"The department goals for 2019 include updating patrol rifles and obtaining a ballistic shield. The chief is working to improve personal protective equipment, office equipment, and make building improvements. The chief intends to continue to work on additional vehicle purchases in 2019 as two of the current vehicles have in excess of 100,000 miles on them.

"Village Administrator Heather Stoffer joined the village staff in 2018 and oversaw many projects, which included:

"Working with the Ohio Rural Community Assistance Program (RCAP) to accomplish a rate study for water/sewer rates (determined rates needed to be raised).

"She worked on the IT Switch with our IT consultant AJ Caldwell to get the move accomplished.

"She completed the Asset Management Plan in conjunction with Office Manager, Operators, Fiscal Officer, and Coshocton County GIS Specialists. She worked to get Asset Management inserted into the Mobile 311 application.

"She hired Ryan Cottrell, Sewer Operator in training, and established a training schedule for him to obtain proper licensing.

"She Interviewed four engineering firms to find the right one for the Johnson Street Sanitary Sewer Extension Project- Diversified Engineering was retained. Contractor BK Layer broke ground mid-December and the project is scheduled to be completed in early spring.

"She oversaw the taking over of billing and maintenance from Coshocton County for Pearl Valley Cheese and Fresno sanitary sewer customers.

"Along with Buildings and Properties Committee she enforced the dilapidated structures, trees, and trash ordinances, saying ‘Thank you to the residents who have been understanding and compliant’.

"Street Department, Community Service workers, and JFS Summer Youth program workers cleaned the streets and painted curbs in preparation for the West Lafayette Homecoming. Other accomplishments were the following:

"The Old West Lafayette sign at the village entrance near the Dollar General was redesigned. The old one was about to fall over. (Done with street department);

"The County Recycle bins were moved to a well-lit and 24-hour surveillance location across from the Village Offices.

"An empty lot the village owned was repurposed into a public parking area on Main Street;

"Assisted the Jared Mansfield Chapter National Society of the Daughters of the American Revolution with the grave marker dedication ceremony for Revolutionary War Soldier;

"Accomplished mosquito spraying with the help of Newcomerstown;

"Initiated art projects on Village Buildings to spread positivity throughout the Village;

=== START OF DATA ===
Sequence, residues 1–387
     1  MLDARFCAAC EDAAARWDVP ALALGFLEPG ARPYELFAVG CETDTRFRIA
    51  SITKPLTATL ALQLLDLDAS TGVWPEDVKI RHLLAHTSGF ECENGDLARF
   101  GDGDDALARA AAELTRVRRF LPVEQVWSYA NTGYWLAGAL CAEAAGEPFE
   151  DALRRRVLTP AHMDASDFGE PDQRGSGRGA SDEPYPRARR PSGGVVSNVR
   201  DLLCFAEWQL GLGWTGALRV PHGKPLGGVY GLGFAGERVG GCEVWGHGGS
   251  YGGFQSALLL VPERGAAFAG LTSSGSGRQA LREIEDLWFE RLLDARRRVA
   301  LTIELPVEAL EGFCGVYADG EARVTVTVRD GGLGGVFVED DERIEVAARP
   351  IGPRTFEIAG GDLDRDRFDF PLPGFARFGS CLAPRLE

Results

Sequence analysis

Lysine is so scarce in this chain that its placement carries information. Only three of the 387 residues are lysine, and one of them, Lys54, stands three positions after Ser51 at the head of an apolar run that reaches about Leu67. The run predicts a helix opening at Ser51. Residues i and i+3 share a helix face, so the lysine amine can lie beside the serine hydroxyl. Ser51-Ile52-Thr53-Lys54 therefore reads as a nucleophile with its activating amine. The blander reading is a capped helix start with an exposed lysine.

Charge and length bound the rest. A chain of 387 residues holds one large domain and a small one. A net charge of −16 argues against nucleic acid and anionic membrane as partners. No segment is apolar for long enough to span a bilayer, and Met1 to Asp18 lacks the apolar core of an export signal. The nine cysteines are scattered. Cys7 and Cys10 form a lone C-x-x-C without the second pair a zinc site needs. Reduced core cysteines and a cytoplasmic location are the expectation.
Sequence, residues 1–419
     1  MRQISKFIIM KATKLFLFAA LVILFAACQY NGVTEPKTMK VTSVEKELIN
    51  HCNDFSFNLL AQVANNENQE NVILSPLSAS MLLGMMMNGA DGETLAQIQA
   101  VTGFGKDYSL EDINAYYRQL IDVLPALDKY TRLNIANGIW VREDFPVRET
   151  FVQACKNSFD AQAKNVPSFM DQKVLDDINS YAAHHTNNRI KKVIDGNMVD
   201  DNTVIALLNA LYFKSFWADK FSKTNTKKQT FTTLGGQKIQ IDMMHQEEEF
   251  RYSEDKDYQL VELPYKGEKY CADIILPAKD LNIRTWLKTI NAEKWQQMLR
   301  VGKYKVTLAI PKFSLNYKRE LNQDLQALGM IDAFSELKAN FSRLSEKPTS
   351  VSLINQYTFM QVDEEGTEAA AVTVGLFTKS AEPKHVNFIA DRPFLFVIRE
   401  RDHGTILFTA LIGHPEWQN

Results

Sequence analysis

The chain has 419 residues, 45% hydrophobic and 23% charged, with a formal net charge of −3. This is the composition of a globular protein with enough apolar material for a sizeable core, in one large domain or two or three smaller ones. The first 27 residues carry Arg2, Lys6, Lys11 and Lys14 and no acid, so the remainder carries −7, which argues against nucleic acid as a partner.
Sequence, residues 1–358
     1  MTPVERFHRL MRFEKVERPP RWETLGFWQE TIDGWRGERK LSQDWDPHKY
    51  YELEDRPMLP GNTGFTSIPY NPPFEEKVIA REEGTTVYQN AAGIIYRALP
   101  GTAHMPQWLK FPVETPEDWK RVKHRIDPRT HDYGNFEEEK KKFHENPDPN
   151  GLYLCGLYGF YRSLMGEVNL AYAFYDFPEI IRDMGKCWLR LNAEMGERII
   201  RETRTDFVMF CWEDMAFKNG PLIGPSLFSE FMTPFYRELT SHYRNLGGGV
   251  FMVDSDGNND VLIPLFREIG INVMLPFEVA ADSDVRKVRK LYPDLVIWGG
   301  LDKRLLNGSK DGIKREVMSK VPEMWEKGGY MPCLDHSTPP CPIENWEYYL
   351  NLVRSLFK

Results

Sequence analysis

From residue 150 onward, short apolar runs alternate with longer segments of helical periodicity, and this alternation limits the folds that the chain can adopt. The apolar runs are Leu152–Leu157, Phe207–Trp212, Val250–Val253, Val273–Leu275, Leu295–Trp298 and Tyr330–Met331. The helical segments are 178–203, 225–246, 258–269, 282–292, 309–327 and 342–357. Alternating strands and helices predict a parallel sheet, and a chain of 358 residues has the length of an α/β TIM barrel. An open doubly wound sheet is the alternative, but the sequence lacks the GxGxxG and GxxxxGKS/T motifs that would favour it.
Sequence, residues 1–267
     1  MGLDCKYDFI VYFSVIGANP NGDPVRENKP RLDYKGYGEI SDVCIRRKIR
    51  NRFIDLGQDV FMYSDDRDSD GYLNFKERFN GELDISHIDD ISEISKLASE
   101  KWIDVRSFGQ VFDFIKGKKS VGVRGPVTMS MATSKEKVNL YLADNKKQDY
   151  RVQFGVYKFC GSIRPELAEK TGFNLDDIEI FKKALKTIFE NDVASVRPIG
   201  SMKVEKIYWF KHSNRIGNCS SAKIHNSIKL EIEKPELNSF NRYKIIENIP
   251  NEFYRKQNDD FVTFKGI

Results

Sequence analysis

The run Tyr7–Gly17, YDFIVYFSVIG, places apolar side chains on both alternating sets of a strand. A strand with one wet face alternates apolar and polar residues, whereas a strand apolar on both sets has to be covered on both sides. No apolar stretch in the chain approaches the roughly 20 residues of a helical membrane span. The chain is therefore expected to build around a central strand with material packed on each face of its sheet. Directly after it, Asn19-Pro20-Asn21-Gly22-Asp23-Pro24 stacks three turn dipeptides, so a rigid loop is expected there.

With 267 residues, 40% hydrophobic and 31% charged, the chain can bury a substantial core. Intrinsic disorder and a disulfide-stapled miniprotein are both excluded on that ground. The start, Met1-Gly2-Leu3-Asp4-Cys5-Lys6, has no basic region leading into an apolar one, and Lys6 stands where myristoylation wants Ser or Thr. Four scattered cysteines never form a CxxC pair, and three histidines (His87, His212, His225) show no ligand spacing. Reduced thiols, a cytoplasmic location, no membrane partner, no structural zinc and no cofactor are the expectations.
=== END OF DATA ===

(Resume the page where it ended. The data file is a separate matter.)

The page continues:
"Paving projects were completed on Fair Street, Wall Street, Wood Avenue, King Street, Sixth Street, and the alley behind Cabot Lumber.

"Leaf Pick up was rough at first (leaves fell slow and then after a heavy rain they all fell at same time), but we still finished by our projected completion date. Thank you to the residents who raked the leaves to the curb strips/streets.

"West Lafayette had its first Uncommon Christmas which included decorations made from recycled and donated materials (Thank you to Jones Metal, Cabot Lumber, and Bradford’s Auto).

"Goals for 2019 Ms. Stoffer started on the initial plans for the multiple phase park project for Waterworks Ball Field Park Area. Some features within this park would be a walking trail, restrooms, shade structures, playground, extra parking, and eventually a splash pad. We will apply for grants to complete the Waterworks park project in phases.

"Phase 1- Recreational Trails Program Application due Feb 2019

"Phase 2- Nature Works Local Projects Application due May/June 2019

"Complete the Johnson Street Sewer Project; Apply for grants from the USDA for police and street vehicles and police rifles; Getting an ASHRAE Level 2 Energy Audit through the Energy Efficiency Program for non-manufacturers: Once this audit is complete, we can apply for grants/loans through Ohio Development Services Agency for energy reduction mechanisms and cost savings for our municipal buildings. This audit will help to decide if it would be cost effective to consolidate our buildings or remodel the current ones. Throughout the Village, attempt to fix sidewalks that are bowed or broken along with repairing or replacing the handicap accessible areas of the sidewalks that are not in compliance. Finally, gearing up to make the transition to Coshocton water as smooth as possible for the residents, once an agreement is reached.

"Village Council faced many challenges and made many positive moves for the village. Village Council instituted aggregation (a method of reducing energy costs for village residents). Council presented the option of purchasing water from the city of Coshocton to residents and placed on the November ballot, which was passed with nearly a 2 to 1 margin. The water agreement negotiation team continues to work on the agreement with Coshocton. It is expected that this project will take approximately 2 years to complete. Council approved the open checkbook allowing total financial transparency. Employees were given a 2% pay increase for 2019.

"While I am saddened by the loss of Chase Bank, I am thrilled with the addition of Get Fit Nutrition providing 11 new jobs and our latest addition of the General Store adding three (3) full time and twelve (12) part time jobs to the community.

"A special thank you and sincere appreciation to all the village employees, the street department employees John Newell and Shawn Moore, water and sewer operator David Kadri, Ryan Cottrell, Office Manager Shannon Haines, police officers, and firefighters for a job well done. Thank you, solicitor Bret Hillyer, for his patience and guidance. A special thank you to Lisa Stitler fiscal officer with the village of Newcomerstown for her help while we searched for a new fiscal officer.

"I must thank the citizens and employees of the Village of West Lafayette for their support throughout 2018 and for your continued support in 2019. We continue to be plagued with issues of dilapidated structures that are difficult to deal with and are slow to progress. We hope that 2019 will prove to be a good year and that residents of the village will continue to take pride in their homes, and ensure that they personally make every effort to comply with village ordinances to ensure an attractive village that is not only attractive to those of us who are residents and call this home but to new business opportunities as well."